But the lack of empathy and the ideological stubbornness of the HUC’s board statement are still shocking.
The refusal from authorities receiving the donations isn’t new. Nicolás Maduro has repeatedly refused offers of humanitarian aid, claiming they are decoys designed by Western powers to secretly invade the nation. But the lack of empathy and the ideological stubbornness of the HUC’s board statement are still shocking.
In a classic display of chavista cynicism, Dr. Rebolledo shielded herself behind the Primum non nocere (First, do no harm) oath that all medical doctors around the world take when they graduate. The same oath that her, and the other signatories break every single day, when they put ideology before Venezuelan patients, as firmly denounced by César Miguel Rondón in his interview (which you can listen here).
If anything “positive” can be taken from this, is that the statement makes very clear that when choosing between Venezuelan lives and political allegiances, health authorities will always put the Revolution first.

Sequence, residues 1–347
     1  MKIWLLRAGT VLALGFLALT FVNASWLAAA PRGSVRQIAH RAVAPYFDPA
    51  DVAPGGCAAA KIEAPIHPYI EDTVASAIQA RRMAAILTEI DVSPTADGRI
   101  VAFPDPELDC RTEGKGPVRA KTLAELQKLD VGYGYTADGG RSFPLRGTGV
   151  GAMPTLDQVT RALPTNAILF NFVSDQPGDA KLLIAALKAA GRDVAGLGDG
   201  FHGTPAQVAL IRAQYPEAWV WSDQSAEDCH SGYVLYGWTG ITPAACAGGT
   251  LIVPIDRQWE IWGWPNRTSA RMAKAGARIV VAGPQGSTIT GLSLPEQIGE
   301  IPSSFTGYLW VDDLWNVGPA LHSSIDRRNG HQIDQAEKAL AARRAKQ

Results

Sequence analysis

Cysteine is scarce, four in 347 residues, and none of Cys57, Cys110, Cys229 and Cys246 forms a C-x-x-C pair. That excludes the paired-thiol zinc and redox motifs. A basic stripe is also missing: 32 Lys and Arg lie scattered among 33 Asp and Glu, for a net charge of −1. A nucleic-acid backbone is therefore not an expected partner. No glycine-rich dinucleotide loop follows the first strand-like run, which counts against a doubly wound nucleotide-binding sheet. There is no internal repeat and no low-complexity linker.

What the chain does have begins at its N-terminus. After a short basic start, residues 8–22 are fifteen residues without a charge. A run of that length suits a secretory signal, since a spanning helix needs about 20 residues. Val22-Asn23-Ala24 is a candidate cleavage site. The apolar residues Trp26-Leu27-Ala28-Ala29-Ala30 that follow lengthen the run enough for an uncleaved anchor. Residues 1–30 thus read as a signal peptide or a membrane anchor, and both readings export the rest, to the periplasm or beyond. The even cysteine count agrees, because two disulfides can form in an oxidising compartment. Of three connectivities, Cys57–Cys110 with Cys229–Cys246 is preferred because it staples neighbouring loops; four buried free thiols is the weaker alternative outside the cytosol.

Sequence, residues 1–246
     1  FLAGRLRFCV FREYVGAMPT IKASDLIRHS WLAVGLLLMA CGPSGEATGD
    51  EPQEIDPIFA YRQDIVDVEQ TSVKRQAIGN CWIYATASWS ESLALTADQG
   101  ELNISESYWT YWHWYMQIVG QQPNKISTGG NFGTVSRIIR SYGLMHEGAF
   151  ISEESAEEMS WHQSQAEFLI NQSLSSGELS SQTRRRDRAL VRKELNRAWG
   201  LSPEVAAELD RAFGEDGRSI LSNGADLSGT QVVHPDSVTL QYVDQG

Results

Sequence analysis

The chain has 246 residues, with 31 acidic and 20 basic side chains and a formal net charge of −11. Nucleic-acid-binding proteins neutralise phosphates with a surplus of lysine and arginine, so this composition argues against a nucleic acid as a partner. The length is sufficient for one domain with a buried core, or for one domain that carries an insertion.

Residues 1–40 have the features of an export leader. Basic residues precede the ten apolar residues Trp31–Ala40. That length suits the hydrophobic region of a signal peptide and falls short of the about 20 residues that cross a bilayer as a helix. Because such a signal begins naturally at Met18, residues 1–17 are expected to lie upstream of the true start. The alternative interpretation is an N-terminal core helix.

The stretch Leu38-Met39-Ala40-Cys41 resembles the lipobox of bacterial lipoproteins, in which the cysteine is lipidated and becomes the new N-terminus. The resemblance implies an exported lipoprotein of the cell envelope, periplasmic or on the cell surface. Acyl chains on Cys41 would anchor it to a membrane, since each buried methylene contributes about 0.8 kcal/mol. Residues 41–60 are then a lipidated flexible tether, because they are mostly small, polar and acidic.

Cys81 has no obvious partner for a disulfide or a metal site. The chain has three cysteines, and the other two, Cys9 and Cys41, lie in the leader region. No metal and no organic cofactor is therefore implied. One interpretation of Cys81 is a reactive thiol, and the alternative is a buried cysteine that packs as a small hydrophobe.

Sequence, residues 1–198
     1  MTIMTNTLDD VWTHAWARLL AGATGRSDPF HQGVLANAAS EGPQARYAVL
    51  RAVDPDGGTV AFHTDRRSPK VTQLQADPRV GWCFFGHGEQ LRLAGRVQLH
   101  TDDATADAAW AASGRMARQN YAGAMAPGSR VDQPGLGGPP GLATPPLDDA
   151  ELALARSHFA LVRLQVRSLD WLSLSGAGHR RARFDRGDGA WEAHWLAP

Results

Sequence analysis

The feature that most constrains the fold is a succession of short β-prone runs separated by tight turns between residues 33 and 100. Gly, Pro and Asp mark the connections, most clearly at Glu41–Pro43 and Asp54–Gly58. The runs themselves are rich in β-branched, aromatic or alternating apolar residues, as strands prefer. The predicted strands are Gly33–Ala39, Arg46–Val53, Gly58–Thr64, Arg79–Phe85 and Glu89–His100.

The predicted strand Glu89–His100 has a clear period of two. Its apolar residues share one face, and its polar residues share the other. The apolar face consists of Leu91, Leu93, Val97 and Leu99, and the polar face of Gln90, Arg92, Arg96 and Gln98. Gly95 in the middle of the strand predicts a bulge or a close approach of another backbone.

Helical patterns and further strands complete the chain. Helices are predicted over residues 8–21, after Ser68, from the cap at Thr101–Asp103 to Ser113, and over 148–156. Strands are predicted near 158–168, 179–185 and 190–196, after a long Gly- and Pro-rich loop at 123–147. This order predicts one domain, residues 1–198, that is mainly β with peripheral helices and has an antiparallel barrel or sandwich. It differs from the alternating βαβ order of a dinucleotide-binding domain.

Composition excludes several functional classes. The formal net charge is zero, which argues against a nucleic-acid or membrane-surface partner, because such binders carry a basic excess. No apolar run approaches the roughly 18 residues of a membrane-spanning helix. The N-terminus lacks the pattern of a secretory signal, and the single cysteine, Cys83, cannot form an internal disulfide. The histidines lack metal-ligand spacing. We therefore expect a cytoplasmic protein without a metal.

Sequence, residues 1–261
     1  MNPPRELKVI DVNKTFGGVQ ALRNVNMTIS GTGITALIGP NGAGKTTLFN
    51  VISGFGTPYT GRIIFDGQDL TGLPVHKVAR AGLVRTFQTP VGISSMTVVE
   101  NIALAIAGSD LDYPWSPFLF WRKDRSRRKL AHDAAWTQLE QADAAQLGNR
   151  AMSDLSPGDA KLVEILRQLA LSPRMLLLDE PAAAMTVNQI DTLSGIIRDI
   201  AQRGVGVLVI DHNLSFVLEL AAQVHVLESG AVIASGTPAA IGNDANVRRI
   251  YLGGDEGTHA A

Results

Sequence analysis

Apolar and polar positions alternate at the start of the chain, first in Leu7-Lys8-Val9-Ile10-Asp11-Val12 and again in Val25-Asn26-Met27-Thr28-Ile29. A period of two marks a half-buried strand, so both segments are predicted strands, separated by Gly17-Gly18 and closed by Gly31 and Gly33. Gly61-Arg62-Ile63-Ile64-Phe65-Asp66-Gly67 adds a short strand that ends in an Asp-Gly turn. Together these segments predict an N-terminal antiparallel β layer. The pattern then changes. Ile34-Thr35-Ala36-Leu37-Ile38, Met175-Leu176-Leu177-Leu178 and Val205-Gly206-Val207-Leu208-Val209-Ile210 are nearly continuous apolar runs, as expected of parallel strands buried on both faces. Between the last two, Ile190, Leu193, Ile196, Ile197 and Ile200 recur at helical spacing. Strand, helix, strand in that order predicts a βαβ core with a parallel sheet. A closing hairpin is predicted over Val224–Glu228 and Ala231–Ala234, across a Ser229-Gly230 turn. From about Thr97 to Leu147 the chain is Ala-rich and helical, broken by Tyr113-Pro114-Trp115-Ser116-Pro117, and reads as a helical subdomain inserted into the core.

So, the next time you read news about a kid dying from an infection at a Venezuelan hospital, or you stumble upon someone urgently looking for chemotherapy on social networks, or get a glimpse of the humiliation Venezuelan patients must endure to get the few medicines the State has to offer, remember that’s not casual: It’s the Venezuelan government’s will.
And don’t forget the doctors who still help them enforce it.Caracas Chronicles is 100% reader-supported. Support independent Venezuelan journalism by making a donation.